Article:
|Monday, February 26th, 2007|
12:04a - You ever think...
Maybe, juuuust maybe, someone's gone completely over the edge?
Ladies and gentlemen, I present to you: Choice and Blood, the abortion clinic supplement for d20 Modern.
edit: The author describes his motives here.
xposted to d20modern.
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11:18a - D&D - Witchfire Actual Play
I ran another session of my Witchfire Trilogy campaign last night. Previous post can be found here.
The next step in the Witchfire trilogy was a "bridging" adventure that just plain sucked - worse than even the first book. So I just launched ahead with the second part of the trilogy, which involved pursuing Alexia upriver to a temple of Cyriss, the Maiden of Gears.
This session was notably better than previous ones, for a few reasons:
* The adventure is supposed to start off with information gathering. The PCs are told by their benefactors that Alexia is probably headed to the Temple of Cyriss about 75 miles northeast of Corvis. However the exact location of the temple is unknown. The PCs are supposed to ask around the city until they find an old begger who is a former adventurer who went to the temple thirteen years earlier. I didn't bother with this crap - I just told them where the temple was.
Let's be honest - in most RPGs information gathering is boring. It's certainly not the exciting part of D&D. I could have had the players roleplay going from one lead to another, following a trail of breadcrumbs until I felt they'd done enough and then I let them know where the temple is. The thing is - there is no adventure if they don't find the temple. As the GM I have to eventually tell them where the temple is. So why screw around and waste time? I just gave them the info they needed and was done with it.
* During the several encounters the PCs were no longer facing undead with really high ACs. The PCs faced four combat encounters this session, and in no encounter did enemy AC go above 14. This meant that combat for the PCs was no longer a whiff fest.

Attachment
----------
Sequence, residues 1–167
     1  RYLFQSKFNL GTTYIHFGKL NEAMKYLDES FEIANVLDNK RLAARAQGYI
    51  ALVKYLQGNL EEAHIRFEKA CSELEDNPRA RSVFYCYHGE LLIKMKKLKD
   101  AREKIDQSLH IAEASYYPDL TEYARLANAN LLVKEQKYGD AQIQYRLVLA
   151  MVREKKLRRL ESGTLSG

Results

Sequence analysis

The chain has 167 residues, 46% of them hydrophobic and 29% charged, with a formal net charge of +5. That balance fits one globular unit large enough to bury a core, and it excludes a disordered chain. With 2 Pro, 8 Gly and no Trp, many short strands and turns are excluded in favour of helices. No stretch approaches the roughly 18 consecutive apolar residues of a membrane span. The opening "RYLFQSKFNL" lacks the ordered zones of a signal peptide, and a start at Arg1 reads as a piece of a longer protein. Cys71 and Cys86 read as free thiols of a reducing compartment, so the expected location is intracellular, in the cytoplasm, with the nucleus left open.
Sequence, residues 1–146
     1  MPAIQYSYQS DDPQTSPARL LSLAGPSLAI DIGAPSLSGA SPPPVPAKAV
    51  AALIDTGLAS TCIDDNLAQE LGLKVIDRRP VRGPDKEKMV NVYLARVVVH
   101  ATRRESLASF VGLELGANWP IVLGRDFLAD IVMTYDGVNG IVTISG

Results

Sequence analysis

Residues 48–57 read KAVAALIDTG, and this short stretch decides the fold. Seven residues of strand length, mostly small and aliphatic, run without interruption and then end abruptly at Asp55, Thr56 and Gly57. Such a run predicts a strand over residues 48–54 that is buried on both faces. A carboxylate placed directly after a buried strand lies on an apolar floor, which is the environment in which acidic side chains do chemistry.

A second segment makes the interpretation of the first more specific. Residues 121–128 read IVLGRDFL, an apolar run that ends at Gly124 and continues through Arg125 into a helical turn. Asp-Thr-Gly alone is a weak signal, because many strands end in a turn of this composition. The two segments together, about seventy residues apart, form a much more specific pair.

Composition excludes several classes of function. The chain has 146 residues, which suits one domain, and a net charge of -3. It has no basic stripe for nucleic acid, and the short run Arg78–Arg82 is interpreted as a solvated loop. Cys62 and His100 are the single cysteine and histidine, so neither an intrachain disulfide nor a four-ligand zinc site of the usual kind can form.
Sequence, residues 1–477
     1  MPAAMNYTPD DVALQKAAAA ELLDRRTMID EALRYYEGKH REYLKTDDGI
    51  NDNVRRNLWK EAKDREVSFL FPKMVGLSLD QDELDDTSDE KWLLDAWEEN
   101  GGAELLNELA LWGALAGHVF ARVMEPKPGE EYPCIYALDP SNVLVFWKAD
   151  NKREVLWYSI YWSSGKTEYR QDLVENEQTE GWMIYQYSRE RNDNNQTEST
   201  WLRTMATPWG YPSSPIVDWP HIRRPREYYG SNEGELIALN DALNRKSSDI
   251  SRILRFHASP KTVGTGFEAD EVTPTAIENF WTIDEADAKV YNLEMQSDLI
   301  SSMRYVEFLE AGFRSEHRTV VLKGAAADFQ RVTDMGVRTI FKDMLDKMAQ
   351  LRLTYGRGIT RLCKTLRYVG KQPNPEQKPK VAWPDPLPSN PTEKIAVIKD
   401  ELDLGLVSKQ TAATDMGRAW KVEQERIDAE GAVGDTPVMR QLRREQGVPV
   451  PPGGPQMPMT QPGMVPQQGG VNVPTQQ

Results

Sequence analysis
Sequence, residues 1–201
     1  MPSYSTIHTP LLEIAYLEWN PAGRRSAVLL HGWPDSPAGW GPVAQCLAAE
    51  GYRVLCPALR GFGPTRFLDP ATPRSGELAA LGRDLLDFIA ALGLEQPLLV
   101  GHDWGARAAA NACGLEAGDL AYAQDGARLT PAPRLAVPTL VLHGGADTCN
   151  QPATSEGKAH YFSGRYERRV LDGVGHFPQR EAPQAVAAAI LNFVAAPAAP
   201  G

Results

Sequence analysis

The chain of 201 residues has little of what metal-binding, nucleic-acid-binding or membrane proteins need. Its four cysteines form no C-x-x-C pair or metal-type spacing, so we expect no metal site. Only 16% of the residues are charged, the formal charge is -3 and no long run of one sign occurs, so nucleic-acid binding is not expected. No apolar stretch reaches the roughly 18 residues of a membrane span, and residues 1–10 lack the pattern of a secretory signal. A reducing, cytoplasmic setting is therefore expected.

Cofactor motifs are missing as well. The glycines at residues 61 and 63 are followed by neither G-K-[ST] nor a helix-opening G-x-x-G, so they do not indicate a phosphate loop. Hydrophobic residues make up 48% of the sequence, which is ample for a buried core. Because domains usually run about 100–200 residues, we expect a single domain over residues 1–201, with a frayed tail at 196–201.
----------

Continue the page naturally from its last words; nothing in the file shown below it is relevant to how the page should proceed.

* The Gun Mage player rolled up a new character. Gun Mages in the Iron Kingdoms are simply broken. They don't have the combat abilities of fighters or even rogues. Their spellcasting abilities aren't even close to those of sorcerers and wizards. And while guns in the IK do OK damage (his did 2d4) they have to be reloaded after every shot, and bullets are EXPENSIVE. His new character is a Trollkin Fell Caller - basically a light fighter with lots of bardlike abilities and it's working out much better. He's enjoying no longer being a total liability in combat. Plus the outgoing nature of the fell caller suits him a lot.
That being said, I did run into one notable problem. The CR system is totally broken at level 3. According to the DMG the XP rewards for levels 1-3 are uniform; e.g. a CR1 monster gives the same XP to level 1 characters as it does to level 3 characters. The encounters in this module were much larger than those in the previous sessions I've run - the river boat was attacked by no fewer than sixteen goblins at one point.
The characters polished off those goblins in about two or three rounds of combat. It was a joke. However they still got full XP for the CR1/2 monsters; which added up to quite a bit. Likewise another encounter with seven lizardmen. I did screw this encounter up by forgetting the lizardmen were armed with maces (which gets around the DR of the PCs armored greatcoats); only one character took serious damage but with the beating he took he should have been in negative hit points by the time the fight was done with. Oh well, he was still really messed up and the party had to burn one of its valuable curative elixirs on him.
In any event - the PCs got a huge amount of XP off these encounters. Enough for some of them to hit level four (they only hit level 3 the previous session). Hopefully the XP gain rate will slow down now.
Overall the session was in my mind more of a success; we all had more fun. I still don't think much of D&D though.
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11:29a - Orcs...in...SPACE!!!!!
Just thought I'd post some setting info on the Sci-Fi D&D game I'll be running soon and see what people think:
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5:29p - Reward Systems?
This came up in my previous post, and since I'm thinking about it I figured I'd post.
Describe to me the reward system in your current game. Then tell me about how you like reward systems to work? What reward systems do you hate?
Some definitions: Rewards are what you get for playing. It's got to be a mechanical system - "I'm rewarded by the satisfaction of socializing with my friends" is great and all but it's not part of the reward system. In the vast majority of RPGs rewards come in the form of XP and loot.
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